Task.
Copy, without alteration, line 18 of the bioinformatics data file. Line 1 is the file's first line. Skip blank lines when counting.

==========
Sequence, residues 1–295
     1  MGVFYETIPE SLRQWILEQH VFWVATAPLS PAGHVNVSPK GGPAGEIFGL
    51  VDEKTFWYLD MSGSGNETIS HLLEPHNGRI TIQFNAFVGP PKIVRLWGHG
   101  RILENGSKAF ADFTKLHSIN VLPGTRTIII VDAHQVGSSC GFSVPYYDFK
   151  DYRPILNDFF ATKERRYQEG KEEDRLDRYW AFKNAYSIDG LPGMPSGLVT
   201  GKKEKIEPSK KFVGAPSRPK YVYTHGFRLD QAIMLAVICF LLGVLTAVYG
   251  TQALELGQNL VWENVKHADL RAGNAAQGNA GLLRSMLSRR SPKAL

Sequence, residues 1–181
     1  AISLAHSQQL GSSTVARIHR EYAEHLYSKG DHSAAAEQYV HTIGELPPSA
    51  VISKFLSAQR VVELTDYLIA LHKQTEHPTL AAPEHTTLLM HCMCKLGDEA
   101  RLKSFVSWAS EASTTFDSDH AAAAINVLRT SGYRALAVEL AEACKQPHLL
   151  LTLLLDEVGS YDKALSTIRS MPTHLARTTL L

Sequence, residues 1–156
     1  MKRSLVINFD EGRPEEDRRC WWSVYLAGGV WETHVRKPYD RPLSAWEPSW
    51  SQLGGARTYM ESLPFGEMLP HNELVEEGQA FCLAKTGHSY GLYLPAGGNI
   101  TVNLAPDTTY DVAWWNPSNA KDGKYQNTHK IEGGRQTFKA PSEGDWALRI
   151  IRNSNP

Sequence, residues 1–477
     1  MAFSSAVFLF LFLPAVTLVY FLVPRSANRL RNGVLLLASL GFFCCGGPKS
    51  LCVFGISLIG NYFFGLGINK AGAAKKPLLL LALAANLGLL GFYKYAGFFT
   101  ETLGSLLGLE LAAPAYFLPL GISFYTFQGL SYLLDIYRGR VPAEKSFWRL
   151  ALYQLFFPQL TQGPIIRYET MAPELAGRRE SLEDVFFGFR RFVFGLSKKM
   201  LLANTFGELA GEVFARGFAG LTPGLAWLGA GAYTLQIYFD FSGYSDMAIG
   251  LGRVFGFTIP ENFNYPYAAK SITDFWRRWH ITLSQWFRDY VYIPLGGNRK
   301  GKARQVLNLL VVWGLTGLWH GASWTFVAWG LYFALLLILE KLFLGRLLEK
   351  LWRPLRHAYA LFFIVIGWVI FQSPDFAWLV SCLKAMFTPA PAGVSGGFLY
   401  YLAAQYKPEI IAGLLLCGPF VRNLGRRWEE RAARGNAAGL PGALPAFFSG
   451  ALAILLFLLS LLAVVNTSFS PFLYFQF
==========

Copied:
Sequence, residues 1–477